The Former Cathedral of Baeza was the cathedral episcopal see of the Roman Catholic Diocese of Baeza, which has a Visigothic period, was suppressed after some time under Moorish rule and was shortly restored after the Reconquista under the Kingdom of Castile in the thirteenth century, but suppressed for good, never again to regain (co-)cathedral status.
The site, like the land, alternated between mosque and church during 12th and 13th centuries. The apse still maintains Gothic tracery, but in the 16th-century a major reconstruction by Andrés de Vandelvira in Renaissance-style created the present church. The construction of the cathedral finally ended in 1593, shortly after the death of Andrés de Vandelvira.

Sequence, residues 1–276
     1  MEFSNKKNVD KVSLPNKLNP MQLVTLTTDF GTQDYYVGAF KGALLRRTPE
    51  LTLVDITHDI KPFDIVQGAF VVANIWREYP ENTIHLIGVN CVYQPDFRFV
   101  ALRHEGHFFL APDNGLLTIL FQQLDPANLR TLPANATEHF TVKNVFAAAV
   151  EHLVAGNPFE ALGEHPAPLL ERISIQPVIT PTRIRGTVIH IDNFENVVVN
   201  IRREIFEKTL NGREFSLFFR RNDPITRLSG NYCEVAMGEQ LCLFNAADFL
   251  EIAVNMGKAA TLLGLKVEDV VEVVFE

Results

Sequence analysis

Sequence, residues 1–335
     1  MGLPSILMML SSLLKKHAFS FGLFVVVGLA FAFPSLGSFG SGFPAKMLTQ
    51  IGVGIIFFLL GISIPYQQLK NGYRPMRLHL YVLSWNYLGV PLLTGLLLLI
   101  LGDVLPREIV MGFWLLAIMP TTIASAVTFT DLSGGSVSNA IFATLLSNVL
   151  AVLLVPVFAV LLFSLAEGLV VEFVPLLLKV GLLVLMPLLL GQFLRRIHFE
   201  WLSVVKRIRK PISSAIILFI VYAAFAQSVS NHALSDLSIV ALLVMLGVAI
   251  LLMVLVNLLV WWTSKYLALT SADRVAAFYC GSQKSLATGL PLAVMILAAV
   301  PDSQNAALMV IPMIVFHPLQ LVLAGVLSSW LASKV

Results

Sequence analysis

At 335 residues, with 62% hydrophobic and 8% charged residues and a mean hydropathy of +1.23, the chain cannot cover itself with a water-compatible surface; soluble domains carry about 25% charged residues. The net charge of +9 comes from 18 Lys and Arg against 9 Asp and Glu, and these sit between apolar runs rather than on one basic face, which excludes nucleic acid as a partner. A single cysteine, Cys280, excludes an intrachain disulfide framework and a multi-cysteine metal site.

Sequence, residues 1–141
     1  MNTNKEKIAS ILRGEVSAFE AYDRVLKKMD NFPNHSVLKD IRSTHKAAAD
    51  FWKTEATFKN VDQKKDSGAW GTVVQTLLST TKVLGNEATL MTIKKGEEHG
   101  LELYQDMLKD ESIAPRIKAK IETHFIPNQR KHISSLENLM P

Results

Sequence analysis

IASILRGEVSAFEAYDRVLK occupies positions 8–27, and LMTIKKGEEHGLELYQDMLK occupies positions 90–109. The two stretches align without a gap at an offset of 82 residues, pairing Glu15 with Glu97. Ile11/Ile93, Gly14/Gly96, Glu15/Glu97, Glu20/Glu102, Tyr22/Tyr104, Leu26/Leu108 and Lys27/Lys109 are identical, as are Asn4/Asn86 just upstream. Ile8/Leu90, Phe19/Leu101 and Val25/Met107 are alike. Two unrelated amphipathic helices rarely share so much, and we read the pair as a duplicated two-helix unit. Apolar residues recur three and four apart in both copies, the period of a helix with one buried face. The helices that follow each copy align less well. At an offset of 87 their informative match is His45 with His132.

The church forms part of a UNESCO World Heritage Site with other monuments in Baeza and in the nearby city of Úbeda.References:
The Basilica of Santa Maria in Trastevere is one of the oldest churches of Rome. The basic floor plan and wall structure of the church date back to the 340s, and much of the structure to 1140-43. The first sanctuary was built in 221 and 227 by Pope Callixtus I and later completed by Pope Julius I.
The inscription on the episcopal throne states that this is the first church in Rome dedicated to Mary, mother of Jesus, although some claim that privilege belongs to the Basilica di Santa Maria Maggiore. A Christian house-church was founded here about 220 by Pope Saint Callixtus I (217-222) on the site of the Taberna meritoria, a refuge for retired soldiers. The area was made available for Christian use by Emperor Alexander Severus when he settled a dispute between the Christians and tavern-keepers.
The church underwent two restorations in the fifth and eighth centuries and in 1140-43 it was re-erected on its old foundations under Pope Innocent II.